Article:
Now Paul knew all that by experience, and he therefore brought all this knowledge, this spiritual knowledge, into the question that he put to them. And how the question grows! What a tremendous question it becomes if it implies all that! All that Jesus taught and meant about the day of the Holy Spirit, all that that same Spirit had done in fulfilling the very words of the Lord Jesus: "He shall guide you into all truth ... He shall take of Mine, and shall declare it unto you" (John 16:13, 14). - all that had come to Paul. What a wealth we have in Paul's letters about the Holy Spirit! And all that comes into this question: "Did ye receive the Holy Spirit when ye believed?" It is a very big question! Viewed in that light, I doubt whether there is a greater question. What a difference it should make to the Christian life if it is all true!
Let me sum it all up by saying this: The Christian, the believer, who has really received the Holy Spirit, is a supernatural being. The indwelling of the Holy Spirit, the Spirit of God, and His imparting of eternal life, constitute the believer a supernatural being, a being who has something within of a supernatural character, distinguishing him from all others. It is a deathless life! To receive eternal life means that there is that within which transcends the natural order, making the recipient an eternal being, in the Divine sense, linked with Heaven and linked with eternity. And the Church in which this is true, which has truly received and is indwelt by the Holy Spirit, is a supernatural Body; there is no power in this universe which can destroy it. History has proved that and will prove it to the end. Let men and devils combine against this Church: no matter - it will remain; it is supernatural.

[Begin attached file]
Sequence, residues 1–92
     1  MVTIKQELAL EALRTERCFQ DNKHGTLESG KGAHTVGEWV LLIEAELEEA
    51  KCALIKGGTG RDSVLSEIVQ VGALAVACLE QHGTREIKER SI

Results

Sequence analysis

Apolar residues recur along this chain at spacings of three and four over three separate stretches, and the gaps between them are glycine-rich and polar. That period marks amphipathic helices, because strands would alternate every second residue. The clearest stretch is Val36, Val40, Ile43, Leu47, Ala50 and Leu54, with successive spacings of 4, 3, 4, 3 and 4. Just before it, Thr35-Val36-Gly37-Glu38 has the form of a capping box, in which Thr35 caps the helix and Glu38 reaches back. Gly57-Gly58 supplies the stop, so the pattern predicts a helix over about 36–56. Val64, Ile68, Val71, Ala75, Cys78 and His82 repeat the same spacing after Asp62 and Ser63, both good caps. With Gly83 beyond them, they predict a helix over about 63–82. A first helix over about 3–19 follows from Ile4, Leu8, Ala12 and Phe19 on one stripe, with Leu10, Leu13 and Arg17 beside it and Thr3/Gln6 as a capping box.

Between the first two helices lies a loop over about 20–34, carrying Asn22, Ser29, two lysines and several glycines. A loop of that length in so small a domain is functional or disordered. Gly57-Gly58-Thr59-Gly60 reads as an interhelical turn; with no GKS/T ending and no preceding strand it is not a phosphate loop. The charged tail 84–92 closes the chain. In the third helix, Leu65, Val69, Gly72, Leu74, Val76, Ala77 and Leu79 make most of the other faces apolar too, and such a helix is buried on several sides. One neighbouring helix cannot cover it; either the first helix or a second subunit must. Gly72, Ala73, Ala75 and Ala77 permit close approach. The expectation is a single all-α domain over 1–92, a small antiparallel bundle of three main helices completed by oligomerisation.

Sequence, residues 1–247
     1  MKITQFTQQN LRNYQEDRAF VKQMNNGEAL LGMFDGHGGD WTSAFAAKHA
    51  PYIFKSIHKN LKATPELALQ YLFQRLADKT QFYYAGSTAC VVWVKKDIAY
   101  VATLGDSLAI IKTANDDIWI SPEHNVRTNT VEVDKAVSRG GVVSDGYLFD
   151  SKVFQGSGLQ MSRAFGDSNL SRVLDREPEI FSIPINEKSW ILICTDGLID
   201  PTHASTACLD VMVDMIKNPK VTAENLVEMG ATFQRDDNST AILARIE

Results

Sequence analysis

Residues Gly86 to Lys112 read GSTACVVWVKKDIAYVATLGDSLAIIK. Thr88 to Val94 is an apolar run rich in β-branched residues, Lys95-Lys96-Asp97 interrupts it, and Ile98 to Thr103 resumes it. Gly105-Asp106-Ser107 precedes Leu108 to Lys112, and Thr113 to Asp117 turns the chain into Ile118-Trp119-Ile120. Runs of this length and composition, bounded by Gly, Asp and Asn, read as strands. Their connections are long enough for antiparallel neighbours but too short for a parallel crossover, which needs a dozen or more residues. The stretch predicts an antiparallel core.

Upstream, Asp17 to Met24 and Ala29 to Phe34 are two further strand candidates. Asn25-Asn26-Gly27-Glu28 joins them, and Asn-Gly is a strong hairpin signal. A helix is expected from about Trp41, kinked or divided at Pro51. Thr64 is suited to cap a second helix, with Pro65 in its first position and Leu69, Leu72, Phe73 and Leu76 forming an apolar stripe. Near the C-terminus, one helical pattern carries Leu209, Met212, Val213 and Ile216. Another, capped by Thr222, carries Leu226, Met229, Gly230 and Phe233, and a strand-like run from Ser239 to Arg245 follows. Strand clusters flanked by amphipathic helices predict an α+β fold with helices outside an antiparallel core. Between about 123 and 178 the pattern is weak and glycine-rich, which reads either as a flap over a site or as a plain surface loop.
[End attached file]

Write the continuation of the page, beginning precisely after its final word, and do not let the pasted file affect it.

In the second Place, we find "disciples" mentioned here. "Paul ... found certain disciples." They would no doubt have been people who were bearing the name "Christian"; they would have classed themselves as such and would probably have been referred to as Christians. And yet they were people who, while being called disciples, were yet without the fundamental essential of the Christian life. What were they? I think the answer is to be found in Apollos, the Jew from Alexandria, who had recently arrived in Ephesus and had previously come into touch with the ministry of John the Baptist concerning Jesus. We are told here that he had been 'instructed by word of mouth' [katecheo] (Acts 18:25). Now, what was John's vocation? John's vocation was to prepare the way of the Lord, to lead on and point on to Jesus. What was John's message? Repentance in view of the imminent coming of the Messiah. "Repent!" said John. But John had definite limitations. Said he: "I....baptize you in water...He that cometh after me...shall baptize you in the Holy Spirit" (Matt. 3:2, 11). That represents a very great difference.
Now Apollos had got all that, and probably some extra teaching about Jesus, apparently at second hand ('by word of mouth'). In the main, Apollos ended where John ended: that is, he was without a personal experience of the work of the Holy Spirit through baptism into Jesus Christ. He had, nevertheless, some particular values on the positive side. We are told that he was "mighty in the scriptures" (Acts 18:24): which I take to mean that he had an unusually wide and deep knowledge of the Old Testament Scriptures about the coming Messiah - what we call the 'Messianic Scriptures' - all of which pointed toward the Christ; all of which rang out the note of preparation, and especially of repentance, for the Christ was coming. John baptized with a baptism of repentance in preparation for the Christ and His kingdom: but there he stopped and could do no more. And Apollos seems to have stepped there too. Perhaps he was a mightier man in the Old Testament Scriptures than even John the Baptist, but with all his knowledge of the Scriptures he fell short of the experience of the Holy Spirit. And therefore, according to the law of ministry, he could not lead these disciples further than he himself had gone.
(continued with # 8)